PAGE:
In 2016, Brunel celebrated 50-years as a university. The history can be traced back to 1798 through the predecessor colleges of Borough Road College, Maria Grey College, Shoreditch College and the West London Institute of Higher Education and as well as through Acton Technical College then Brunel College.
The rise since 1966 has been impressive and the reputation grows year-on-year. Now a university of 12,746 students – 3,309 students engaged in postgraduate and research study – the approach is to combine academic rigour with the practical, entrepreneurial and imaginative approach pioneered by Isambard Kingdom Brunel.
The decision to be named after Isambard Kingdom Brunel was taken after much discussion. Rather than name the new college after a location, Dr Topping, the first Vice-Chancellor of Brunel University (and former Principal of Brunel College) pleaded that the name should be a well-known person preferably an engineer or scientist associated in some way with Middlesex or Acton. The agreement was reached in March 1957 that person would be Isambard Kingdom Brunel.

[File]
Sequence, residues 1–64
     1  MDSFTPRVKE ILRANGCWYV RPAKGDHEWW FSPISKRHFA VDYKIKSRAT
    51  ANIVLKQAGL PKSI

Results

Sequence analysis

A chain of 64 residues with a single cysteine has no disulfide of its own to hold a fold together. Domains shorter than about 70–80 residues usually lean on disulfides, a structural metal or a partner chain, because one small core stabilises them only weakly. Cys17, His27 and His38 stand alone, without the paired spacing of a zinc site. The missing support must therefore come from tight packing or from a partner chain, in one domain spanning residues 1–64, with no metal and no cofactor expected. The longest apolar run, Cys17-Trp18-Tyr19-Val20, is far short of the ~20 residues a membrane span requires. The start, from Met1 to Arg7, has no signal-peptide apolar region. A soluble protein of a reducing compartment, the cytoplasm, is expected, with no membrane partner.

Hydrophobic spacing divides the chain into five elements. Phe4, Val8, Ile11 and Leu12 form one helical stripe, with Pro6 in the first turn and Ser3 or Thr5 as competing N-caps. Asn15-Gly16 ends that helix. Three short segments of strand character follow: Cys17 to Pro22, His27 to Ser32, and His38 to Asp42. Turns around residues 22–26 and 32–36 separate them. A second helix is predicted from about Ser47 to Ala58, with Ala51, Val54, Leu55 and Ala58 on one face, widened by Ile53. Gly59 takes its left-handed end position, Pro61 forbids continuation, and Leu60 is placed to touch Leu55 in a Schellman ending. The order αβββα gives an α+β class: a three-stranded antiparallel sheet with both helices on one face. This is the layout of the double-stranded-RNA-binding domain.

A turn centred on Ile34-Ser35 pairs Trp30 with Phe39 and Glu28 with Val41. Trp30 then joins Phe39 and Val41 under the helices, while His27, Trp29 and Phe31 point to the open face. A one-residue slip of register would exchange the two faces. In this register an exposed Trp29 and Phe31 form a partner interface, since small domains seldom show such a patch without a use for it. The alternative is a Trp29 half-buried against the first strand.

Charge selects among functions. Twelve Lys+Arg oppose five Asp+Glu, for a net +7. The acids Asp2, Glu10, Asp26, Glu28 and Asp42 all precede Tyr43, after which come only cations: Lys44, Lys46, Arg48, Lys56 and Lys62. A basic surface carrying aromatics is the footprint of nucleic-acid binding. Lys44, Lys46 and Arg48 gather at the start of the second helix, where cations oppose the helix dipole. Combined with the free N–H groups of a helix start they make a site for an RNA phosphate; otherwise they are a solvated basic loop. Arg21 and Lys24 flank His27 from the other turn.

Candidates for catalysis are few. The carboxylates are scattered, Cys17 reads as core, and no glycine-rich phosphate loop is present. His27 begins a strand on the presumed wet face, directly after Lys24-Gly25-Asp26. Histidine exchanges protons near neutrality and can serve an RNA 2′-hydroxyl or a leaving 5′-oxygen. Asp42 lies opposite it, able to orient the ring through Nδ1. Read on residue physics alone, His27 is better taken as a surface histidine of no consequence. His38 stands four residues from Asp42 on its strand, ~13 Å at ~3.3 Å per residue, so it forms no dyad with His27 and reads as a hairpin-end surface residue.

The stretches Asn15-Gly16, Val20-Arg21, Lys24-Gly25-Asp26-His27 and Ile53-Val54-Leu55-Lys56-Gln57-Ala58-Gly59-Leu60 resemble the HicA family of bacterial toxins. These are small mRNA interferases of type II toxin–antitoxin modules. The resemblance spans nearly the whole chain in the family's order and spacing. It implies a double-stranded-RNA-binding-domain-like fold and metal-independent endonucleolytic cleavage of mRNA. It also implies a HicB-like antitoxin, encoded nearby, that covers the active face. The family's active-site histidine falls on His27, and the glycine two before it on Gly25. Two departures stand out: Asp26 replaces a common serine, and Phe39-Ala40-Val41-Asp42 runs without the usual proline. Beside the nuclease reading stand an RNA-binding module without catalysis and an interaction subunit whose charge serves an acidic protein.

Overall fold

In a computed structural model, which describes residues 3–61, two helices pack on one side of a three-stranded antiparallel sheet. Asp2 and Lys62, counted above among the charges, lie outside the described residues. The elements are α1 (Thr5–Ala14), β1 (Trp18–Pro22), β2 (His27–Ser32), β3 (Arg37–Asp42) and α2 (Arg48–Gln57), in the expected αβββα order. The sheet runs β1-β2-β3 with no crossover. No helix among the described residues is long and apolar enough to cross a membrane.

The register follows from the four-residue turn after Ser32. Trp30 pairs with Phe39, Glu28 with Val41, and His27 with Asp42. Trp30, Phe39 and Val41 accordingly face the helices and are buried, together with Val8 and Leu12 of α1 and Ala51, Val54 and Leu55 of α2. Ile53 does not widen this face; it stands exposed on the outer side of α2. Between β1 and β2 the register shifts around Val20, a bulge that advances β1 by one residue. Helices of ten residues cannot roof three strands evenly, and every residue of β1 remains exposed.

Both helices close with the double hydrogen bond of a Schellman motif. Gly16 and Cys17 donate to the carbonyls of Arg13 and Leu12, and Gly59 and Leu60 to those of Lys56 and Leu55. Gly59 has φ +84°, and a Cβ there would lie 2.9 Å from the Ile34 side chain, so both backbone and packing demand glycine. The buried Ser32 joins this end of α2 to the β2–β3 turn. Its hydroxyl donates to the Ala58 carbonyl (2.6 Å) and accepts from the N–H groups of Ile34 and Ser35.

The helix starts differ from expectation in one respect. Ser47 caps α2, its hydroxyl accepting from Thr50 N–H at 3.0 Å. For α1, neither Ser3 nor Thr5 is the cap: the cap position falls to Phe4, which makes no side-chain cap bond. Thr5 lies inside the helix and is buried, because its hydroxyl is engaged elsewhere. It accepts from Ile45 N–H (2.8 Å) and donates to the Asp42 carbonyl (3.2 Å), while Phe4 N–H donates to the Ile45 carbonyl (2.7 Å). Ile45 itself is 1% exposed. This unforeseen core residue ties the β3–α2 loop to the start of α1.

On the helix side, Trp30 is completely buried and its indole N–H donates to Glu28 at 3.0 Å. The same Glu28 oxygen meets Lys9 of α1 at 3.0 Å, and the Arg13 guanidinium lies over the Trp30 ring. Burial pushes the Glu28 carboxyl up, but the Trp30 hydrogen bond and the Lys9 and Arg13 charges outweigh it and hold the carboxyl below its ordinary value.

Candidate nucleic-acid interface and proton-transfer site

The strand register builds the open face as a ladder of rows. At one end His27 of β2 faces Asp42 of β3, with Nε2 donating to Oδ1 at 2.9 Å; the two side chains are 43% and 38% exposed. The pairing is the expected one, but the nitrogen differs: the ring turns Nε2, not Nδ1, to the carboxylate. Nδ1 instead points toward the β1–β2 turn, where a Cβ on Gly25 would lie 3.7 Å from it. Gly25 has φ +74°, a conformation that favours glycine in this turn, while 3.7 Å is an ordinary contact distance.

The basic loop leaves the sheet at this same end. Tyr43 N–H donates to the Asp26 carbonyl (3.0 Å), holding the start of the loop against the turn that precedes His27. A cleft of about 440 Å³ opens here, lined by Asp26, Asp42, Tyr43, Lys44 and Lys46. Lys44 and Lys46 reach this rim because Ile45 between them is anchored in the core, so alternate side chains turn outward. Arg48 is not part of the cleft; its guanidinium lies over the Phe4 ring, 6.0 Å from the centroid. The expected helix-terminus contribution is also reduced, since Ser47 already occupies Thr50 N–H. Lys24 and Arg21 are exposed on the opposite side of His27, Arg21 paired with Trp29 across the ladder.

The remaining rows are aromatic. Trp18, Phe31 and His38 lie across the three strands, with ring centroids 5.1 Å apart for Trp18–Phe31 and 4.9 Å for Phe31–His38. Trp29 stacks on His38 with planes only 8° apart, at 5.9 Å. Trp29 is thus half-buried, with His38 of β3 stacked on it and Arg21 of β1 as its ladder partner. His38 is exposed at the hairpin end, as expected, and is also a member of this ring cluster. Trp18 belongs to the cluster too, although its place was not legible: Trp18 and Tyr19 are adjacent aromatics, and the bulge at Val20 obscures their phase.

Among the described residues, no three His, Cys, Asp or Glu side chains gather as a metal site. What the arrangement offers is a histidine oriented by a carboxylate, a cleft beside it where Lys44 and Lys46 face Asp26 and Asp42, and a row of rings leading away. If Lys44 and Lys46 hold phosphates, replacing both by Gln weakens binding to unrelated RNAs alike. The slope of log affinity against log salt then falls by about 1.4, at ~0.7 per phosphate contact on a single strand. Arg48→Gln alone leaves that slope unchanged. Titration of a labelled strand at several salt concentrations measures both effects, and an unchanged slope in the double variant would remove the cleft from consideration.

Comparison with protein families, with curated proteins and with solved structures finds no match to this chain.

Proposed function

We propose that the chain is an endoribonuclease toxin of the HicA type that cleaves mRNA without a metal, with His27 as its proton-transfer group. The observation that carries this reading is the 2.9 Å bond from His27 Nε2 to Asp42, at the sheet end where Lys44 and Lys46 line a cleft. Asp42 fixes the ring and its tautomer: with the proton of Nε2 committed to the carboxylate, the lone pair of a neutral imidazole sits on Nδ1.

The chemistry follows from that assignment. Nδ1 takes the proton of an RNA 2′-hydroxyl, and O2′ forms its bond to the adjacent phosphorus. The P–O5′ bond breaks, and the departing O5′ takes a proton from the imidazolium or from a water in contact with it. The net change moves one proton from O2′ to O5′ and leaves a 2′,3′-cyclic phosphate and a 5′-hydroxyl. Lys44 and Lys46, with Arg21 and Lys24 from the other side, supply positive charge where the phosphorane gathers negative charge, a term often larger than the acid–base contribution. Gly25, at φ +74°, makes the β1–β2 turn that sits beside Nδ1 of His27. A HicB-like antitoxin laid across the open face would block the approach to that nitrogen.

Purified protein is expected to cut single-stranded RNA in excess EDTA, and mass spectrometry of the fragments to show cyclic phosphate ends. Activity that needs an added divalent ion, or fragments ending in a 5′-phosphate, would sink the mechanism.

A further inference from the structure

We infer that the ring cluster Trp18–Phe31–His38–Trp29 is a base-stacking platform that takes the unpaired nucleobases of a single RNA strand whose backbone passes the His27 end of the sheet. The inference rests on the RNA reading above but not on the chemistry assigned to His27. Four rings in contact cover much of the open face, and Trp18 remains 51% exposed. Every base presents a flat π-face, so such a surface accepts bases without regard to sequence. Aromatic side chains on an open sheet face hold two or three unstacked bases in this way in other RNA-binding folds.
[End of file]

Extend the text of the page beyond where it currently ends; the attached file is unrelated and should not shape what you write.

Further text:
Isambard Kingdom Brunel (1806-1859) is one of the great British engineers of the 19th century. Isambard was born into an industrious family in 1806, with his mother Sophia Kingdom working for the Royal Navy, and father Marc Brunel being a prominent French engineer. Isambard took on formal training as an engineer and went on to build twenty-five railways lines, over a hundred bridges, including five suspension bridges, eight pier and dock systems, three ships and a pre-fabricated army field hospital. To add to this he was a keen social engineer, building housing estates, churches and hospitals.